Tuesday, June 20, 2017

Hearing The Future

During a game of beep baseball, there exists a perfect example of the doppler shift at work. Beep baseball includes an audible softball and bases that beep repeatedly throughout the game. Blind players are able to use anticipatory information based off of these beeping sounds to predict their play. As any object that is making a repetitious sound moves towards your auditory system, the frequency changes, or the proportion of sound waves is greater. If the object is still and you are as well, there will be no change in frequency and it will sound the same. If the object is moving away, the proportion is decreased and will sound completely different then when coming towards you. Since the baseball is obviously being thrown in the direction of the batter, there is a rush of this sound energy. That coupled with other auditory information such as the sound bouncing off of nearby surfaces, a practiced batter is able to accurately predict the precise timing of his swing. Similarly for when he/she is running for a base. They can anticipate the right time to dive because of the doppler shift occurring. The relative change in the loudness of the beep provides them with the information needed. For example, if during two seconds the loudness only increased slightly, that might mean not to dive yet. If, in the next second the loudness dramatically increased compared to those previous two seconds, that could mean that it's time to dive for the base.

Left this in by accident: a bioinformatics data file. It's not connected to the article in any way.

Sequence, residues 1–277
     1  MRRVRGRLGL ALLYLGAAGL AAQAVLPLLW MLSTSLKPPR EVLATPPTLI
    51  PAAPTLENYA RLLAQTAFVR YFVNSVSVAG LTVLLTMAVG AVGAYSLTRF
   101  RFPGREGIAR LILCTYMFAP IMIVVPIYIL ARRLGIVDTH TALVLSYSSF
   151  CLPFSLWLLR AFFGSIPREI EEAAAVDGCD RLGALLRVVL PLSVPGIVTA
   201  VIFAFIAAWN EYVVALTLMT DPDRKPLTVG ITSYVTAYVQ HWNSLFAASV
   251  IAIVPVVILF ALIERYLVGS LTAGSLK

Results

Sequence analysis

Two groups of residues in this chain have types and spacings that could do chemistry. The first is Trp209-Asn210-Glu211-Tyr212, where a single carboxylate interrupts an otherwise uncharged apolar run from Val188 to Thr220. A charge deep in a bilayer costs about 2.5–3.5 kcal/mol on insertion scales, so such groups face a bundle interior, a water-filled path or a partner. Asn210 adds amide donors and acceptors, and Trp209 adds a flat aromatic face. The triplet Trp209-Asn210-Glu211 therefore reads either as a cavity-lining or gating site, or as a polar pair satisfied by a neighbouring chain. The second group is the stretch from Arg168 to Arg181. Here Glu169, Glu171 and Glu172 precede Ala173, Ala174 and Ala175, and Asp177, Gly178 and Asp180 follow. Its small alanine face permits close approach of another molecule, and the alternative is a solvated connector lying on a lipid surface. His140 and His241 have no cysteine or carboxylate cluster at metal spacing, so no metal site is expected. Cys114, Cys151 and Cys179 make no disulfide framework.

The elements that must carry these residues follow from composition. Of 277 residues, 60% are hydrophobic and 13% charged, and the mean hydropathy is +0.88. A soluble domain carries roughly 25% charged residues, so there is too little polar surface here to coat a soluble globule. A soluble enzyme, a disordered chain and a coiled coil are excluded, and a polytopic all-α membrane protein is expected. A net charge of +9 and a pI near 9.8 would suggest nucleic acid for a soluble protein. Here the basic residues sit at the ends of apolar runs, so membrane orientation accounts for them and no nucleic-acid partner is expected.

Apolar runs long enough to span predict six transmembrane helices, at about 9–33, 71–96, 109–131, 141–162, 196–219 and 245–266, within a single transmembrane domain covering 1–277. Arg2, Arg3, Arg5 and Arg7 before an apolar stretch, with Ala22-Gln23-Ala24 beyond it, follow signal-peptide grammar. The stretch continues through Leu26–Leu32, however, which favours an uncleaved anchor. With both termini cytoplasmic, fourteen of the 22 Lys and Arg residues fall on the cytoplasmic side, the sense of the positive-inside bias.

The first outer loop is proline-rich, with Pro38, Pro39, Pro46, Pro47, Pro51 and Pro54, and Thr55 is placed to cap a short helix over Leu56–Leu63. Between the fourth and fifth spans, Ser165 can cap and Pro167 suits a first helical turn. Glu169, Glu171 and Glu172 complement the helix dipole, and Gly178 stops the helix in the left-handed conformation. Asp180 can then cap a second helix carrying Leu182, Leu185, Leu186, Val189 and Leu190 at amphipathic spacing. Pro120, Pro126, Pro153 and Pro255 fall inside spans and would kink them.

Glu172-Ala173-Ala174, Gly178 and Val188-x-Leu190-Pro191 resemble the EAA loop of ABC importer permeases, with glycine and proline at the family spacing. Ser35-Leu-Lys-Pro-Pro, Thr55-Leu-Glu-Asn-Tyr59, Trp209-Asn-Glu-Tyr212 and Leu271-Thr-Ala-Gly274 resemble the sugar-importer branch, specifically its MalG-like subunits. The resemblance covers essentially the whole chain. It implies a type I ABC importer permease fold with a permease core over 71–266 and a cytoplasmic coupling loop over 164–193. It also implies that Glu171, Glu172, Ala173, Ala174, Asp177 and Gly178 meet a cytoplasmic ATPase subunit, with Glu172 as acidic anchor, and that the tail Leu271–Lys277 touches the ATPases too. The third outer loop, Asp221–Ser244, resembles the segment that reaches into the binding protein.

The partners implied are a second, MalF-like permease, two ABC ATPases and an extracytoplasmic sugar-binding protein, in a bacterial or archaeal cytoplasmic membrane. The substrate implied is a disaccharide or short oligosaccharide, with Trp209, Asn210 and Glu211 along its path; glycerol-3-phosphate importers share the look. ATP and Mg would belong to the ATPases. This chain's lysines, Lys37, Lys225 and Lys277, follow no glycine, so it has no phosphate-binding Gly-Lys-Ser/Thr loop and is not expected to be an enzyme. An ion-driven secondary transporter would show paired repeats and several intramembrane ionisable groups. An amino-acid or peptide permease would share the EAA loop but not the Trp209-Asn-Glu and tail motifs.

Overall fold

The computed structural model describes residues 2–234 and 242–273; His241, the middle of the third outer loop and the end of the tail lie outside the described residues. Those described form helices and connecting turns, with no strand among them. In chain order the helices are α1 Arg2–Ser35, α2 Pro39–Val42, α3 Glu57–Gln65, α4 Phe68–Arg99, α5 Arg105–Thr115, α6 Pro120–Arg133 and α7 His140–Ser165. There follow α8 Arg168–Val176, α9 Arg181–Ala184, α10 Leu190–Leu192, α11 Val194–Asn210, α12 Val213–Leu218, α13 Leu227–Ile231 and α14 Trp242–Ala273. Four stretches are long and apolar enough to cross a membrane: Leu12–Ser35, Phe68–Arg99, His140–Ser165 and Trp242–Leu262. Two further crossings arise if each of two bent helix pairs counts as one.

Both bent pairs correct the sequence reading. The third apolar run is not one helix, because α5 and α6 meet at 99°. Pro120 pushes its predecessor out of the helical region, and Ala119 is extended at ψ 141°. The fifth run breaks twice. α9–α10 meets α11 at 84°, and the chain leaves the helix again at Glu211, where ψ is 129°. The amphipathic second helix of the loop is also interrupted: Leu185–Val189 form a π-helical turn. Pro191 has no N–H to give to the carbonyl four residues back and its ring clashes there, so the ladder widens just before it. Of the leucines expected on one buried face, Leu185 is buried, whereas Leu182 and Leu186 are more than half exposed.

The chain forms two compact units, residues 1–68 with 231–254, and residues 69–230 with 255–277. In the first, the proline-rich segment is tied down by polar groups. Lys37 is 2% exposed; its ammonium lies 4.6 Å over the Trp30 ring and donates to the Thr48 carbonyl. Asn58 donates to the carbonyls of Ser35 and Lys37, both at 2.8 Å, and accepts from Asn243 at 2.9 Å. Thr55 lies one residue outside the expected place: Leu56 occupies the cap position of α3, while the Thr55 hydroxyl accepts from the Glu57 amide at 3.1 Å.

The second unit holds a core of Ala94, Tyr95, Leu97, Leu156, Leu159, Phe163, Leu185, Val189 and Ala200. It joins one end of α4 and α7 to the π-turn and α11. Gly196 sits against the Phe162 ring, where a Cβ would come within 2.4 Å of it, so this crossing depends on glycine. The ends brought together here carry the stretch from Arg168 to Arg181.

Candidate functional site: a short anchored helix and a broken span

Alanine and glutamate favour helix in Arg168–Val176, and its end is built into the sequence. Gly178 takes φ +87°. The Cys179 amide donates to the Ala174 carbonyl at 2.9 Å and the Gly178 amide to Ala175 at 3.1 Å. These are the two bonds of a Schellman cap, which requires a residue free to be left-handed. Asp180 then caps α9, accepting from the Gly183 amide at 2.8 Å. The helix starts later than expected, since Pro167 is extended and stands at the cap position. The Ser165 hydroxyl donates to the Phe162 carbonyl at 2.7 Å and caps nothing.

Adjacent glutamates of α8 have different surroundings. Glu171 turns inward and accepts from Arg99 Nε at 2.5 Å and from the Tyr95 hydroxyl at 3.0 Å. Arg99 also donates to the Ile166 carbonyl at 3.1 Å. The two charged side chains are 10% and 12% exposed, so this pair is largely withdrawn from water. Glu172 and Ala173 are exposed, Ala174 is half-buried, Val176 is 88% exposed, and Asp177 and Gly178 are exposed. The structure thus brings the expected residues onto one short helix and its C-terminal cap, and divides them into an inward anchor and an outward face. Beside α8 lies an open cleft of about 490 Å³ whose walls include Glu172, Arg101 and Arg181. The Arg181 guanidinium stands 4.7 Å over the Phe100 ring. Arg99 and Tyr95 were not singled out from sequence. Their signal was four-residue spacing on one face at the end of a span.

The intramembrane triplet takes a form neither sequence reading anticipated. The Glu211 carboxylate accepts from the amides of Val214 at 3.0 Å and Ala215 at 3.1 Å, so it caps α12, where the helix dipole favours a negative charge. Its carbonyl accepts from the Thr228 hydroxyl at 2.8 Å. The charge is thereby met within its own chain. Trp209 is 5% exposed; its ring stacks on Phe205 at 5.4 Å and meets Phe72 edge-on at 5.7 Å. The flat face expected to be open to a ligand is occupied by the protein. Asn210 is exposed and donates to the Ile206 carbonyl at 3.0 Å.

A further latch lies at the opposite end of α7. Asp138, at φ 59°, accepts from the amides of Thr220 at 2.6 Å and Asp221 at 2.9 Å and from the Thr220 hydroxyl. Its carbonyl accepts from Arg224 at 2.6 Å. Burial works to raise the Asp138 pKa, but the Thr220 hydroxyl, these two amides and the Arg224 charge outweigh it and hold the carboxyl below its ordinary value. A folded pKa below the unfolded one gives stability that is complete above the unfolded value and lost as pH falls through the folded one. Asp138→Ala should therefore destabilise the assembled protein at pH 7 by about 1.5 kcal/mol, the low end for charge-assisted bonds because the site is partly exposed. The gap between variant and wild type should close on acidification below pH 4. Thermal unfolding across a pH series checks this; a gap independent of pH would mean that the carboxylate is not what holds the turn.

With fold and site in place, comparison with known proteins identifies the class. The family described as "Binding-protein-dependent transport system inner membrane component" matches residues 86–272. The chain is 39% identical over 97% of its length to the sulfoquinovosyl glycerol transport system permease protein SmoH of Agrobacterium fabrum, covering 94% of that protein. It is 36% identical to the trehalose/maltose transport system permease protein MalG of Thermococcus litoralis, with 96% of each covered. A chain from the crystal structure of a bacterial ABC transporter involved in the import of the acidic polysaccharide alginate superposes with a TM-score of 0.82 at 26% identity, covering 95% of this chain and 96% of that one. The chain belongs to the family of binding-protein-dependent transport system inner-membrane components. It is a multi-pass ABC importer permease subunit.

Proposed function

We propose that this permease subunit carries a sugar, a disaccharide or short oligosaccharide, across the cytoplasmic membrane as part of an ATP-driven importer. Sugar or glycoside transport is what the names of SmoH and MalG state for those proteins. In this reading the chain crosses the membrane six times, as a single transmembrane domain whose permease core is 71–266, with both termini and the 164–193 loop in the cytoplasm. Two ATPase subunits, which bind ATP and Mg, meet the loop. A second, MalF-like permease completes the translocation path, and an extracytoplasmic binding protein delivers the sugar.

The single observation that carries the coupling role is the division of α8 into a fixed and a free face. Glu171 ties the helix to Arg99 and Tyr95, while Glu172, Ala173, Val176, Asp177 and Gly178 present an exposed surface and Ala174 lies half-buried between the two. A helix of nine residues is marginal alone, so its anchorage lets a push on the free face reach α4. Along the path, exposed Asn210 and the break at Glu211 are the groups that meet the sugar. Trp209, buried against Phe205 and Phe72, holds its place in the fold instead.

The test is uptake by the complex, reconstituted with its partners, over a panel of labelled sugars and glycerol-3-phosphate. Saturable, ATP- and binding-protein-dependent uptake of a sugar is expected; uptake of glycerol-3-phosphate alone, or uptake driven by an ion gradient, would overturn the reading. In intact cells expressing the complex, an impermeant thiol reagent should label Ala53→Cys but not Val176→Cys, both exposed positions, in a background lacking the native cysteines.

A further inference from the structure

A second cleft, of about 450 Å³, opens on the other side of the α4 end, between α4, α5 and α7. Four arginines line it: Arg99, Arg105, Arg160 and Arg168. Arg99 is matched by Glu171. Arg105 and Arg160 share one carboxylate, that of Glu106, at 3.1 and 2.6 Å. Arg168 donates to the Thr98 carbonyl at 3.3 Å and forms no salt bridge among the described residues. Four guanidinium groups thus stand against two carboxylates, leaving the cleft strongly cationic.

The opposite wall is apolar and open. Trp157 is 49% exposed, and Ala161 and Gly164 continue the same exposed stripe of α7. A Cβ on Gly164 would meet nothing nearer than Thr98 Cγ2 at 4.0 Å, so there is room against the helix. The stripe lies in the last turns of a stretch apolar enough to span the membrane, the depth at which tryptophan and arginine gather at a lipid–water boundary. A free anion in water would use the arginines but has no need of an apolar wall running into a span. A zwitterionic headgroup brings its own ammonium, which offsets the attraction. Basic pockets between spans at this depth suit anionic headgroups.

I found this breakdown of the doppler shift and how these baseball players have trained their auditory system the most fascinating section of the chapter. What is most inspiring, however, is how the author also describes the great comradery amongst the teammates and competitive spirit they carry. Below is a link to a video with a helpful visual demonstration of the doppler effect:

1 comment:

  1. I totally agree, Reading about the doppler shift in this chapter was very interesting to me, as well. The chapter showed great examples, specifically dealing with the game of baseball, and I think that helped my understanding much more clearer. Individuals who visually impaired use their auditory approach system to know when the ball is coming. The louder the sound the ball makes when thrown, the closer the ball is to the player.